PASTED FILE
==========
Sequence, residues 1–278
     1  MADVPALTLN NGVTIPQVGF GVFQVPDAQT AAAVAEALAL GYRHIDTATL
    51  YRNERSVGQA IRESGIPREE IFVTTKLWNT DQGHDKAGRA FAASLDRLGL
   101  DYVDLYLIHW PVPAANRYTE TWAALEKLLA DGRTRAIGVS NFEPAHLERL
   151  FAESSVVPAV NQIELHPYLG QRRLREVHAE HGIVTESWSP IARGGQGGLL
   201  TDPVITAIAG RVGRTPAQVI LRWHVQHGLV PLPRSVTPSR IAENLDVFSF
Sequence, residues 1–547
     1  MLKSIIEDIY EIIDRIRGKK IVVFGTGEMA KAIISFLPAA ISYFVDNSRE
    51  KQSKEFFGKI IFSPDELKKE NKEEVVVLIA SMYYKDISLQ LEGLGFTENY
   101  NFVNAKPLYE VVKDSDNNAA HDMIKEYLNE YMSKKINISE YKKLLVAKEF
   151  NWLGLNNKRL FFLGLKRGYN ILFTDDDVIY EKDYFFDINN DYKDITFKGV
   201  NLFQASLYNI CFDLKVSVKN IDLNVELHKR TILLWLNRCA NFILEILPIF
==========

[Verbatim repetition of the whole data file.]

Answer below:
Sequence, residues 1–278
     1  MADVPALTLN NGVTIPQVGF GVFQVPDAQT AAAVAEALAL GYRHIDTATL
    51  YRNERSVGQA IRESGIPREE IFVTTKLWNT DQGHDKAGRA FAASLDRLGL
   101  DYVDLYLIHW PVPAANRYTE TWAALEKLLA DGRTRAIGVS NFEPAHLERL
   151  FAESSVVPAV NQIELHPYLG QRRLREVHAE HGIVTESWSP IARGGQGGLL
   201  TDPVITAIAG RVGRTPAQVI LRWHVQHGLV PLPRSVTPSR IAENLDVFSF
Sequence, residues 1–547
     1  MLKSIIEDIY EIIDRIRGKK IVVFGTGEMA KAIISFLPAA ISYFVDNSRE
    51  KQSKEFFGKI IFSPDELKKE NKEEVVVLIA SMYYKDISLQ LEGLGFTENY
   101  NFVNAKPLYE VVKDSDNNAA HDMIKEYLNE YMSKKINISE YKKLLVAKEF
   151  NWLGLNNKRL FFLGLKRGYN ILFTDDDVIY EKDYFFDINN DYKDITFKGV
   201  NLFQASLYNI CFDLKVSVKN IDLNVELHKR TILLWLNRCA NFILEILPIF